Monday, January 13, 2014

MLA 2014: Notes and Comments

I was at MLA from the beginning all the way to the end – somehow I managed to draw a panel in the second session of the entire conference on Thursday, and a second panel at the very end of the conference. So I was in Chicago for a full four days.

It was on the whole a good conference for me -- I got to see a number of old friends, eat interesting food, and connect in person with a few people I've only met online. I had a great 'power' lunch with my copanelists where we worked through our issues with the recent "post-secular" turn, and revived my involvement with an anthology project where I had earlier withdrawn my name. I even went to a party...

Just a quick disclaimer about the notes below... I generally try not to give away too much about what panelists were saying in their papers so as not to "jump the gun" on their ideas if and when they are going to be published. My notes below are intended to give readers a quick thumbnail indicating what people were talking about, and maybe a brief comment from me in connection. 

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1914 in 2014: Body of War. #s28

The research on this panel was very solid and the papers were well-researched and interesting. Stuff I wanted to investigate more: H.G. Wells’ World War I novel “Mr. Britling Sees it Through” (1916); Mary Borden, “The Forbidden Zone (1929) – an experimental nurse’s narrative. Another panelist was working on another nurse’s narrative, Enid Bagnold’s A Diary Without Dates (available on Gutenberg). The third panelist, David Lubin, was an art historian from Wake Forest University, working on images of plastic surgery. He mentioned Dr. Harold Gillies, the famous plastic surgeon ("the father of plastic surgery") who performed thousands of plastic surgery operations on wounded soldiers during and after the war. Soon afterwards, plastic surgery for cosmetic improvement took off -- especially in the U.S.

One line that stood out to me from Borden: “There are no men here so why should I be a woman?” The panelist (Sarah Cole) was doing some really interesting work with gender in Borden's narrative.

This was also the first time I’d seen Wilfred Owen’s poem “Disabled.”

He sat in a wheeled chair, waiting for dark,
And shivered in his ghastly suit of grey,
Legless, sewn short at elbow. Through the park
Voices of boys rang saddening like a hymn,
Voices of play and pleasure after day,
Till gathering sleep had mothered them from him.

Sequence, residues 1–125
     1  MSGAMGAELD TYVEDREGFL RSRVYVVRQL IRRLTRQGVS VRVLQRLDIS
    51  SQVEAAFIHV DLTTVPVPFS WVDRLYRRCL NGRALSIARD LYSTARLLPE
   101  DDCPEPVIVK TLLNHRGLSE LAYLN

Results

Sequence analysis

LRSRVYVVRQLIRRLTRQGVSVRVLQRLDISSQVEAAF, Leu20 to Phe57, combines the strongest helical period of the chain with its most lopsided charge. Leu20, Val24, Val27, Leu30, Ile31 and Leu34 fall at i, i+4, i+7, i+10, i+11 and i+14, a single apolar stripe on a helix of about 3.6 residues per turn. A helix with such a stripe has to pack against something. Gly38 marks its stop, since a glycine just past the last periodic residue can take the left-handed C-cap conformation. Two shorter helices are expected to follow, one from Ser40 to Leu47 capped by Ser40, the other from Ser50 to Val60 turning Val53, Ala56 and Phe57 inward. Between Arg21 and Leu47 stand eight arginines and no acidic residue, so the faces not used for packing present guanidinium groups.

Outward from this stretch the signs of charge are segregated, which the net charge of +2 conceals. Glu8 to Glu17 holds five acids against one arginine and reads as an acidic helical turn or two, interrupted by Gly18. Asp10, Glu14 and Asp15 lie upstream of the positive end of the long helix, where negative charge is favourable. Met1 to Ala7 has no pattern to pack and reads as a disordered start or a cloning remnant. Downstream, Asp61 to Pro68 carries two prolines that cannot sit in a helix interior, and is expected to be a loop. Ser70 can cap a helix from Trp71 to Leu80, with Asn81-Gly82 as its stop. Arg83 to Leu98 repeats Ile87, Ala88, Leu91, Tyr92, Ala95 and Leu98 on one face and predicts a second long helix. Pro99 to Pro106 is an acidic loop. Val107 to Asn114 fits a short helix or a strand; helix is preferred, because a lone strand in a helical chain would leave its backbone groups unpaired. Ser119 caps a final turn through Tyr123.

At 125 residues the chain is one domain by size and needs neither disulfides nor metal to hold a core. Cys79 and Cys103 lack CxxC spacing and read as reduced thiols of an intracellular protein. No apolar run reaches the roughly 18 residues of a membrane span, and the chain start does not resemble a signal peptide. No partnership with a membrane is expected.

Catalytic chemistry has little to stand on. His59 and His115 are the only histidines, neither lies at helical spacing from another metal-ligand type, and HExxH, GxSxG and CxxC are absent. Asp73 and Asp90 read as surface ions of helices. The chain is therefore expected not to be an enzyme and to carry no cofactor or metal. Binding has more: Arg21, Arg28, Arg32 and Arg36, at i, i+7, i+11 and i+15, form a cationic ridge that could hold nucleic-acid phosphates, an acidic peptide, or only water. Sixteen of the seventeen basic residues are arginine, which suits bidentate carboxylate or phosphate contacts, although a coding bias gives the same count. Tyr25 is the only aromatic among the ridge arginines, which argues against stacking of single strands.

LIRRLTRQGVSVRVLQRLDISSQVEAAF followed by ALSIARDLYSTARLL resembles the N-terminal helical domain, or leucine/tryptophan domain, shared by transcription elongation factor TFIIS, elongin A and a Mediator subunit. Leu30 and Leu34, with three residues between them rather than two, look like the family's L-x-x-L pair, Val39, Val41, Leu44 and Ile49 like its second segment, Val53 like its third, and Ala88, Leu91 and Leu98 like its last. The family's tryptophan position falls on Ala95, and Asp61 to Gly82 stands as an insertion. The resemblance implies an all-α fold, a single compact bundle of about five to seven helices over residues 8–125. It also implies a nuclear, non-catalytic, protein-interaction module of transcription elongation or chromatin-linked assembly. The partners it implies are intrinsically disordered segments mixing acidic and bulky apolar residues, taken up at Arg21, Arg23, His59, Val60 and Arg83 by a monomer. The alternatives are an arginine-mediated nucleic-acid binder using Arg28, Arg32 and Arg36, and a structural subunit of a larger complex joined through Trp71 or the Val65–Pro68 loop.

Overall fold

About this time Town used to swing so gay
When glow-lamps budded in the light-blue trees
And girls glanced lovelier as the air grew dim,
— In the old times, before he threw away his knees.
Now he will never feel again how slim
Girls' waists are, or how warm their subtle hands,
All of them touch him like some queer disease.
Beautiful poem -- not sure how I'd missed it earlier, since I've taught Wilfred Owen numerous times over the years.

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Manifesto Revisited. #s76

I co-organized this panel with Roderick Cooke for the Division on Nonfiction Prose. Tamara Beauchamp’s paper looked closely at a particular anti-psychoanalytic obloquy (i.e., rant) by D.H. Lawrence, called A Fantasia of the Unconscious. She also did a good deal of helpful bibliographic work, mentioning Janet Lyon’s influential work on the manifesto, as well as an important essay by Marjorie Perloff called “Violence and Precision.” 

Roderick Cooke’s paper attempted to see a reprise of the Dreyfus Affair in the way French intellectuals responded to the Algerian War in the 1950s and 60s. The Dreyfus affair was of course a key moment in thinking about European Jews and anti-Semitism, but it was also a watershed moment for public intellectualism. Zola’s gesture of accusing the French government of a conspiracy to keep the truth about Dreyfus’ innocence suppressed was a bombshell that continued to reverberate. An analogous manifesto from the Algerian civil war was the “Manifesto of the 121” (1960), largely penned by Maurice Blanchot but signed by 120 other prominent French figures, including Sartre and de Beauvoir. 

Nagihan Halliloglu’s paper looked closely at Alain Badiou’s Manifesto on the Headscarf Ban in France. Badiou’s essay goes against what has been the intellectual consensus on the secular left in France – that headscarfs are somehow “un-French,” and tears apart the French political establishment. He’s often brilliant on the absurdity of the law – singling out this particular religious symbol as a kind of litmus test of French laicite:

Picture a secondary school principal, followed at a few centimeters' length by a squad of inspectors armed with scissors and books on jurisprudence: at the school gate they're going to check whether the hijabs, kippas and other hats are "conspicuous." That hijab, as big as a postage stamp perched upon a chignon? That kippa the size of a two-Euro coin? Fishy, very fishy. The tiny may well be the conspicuous version of the huge. Wait a minute, what do I see? Watch out! It's a top hat! Well now!

But ultimately he is using the headscarf girls as part of a broader critique of capitalism –he’s not really seriously interested in the idea of accommodating religious minorities or multiculturalism.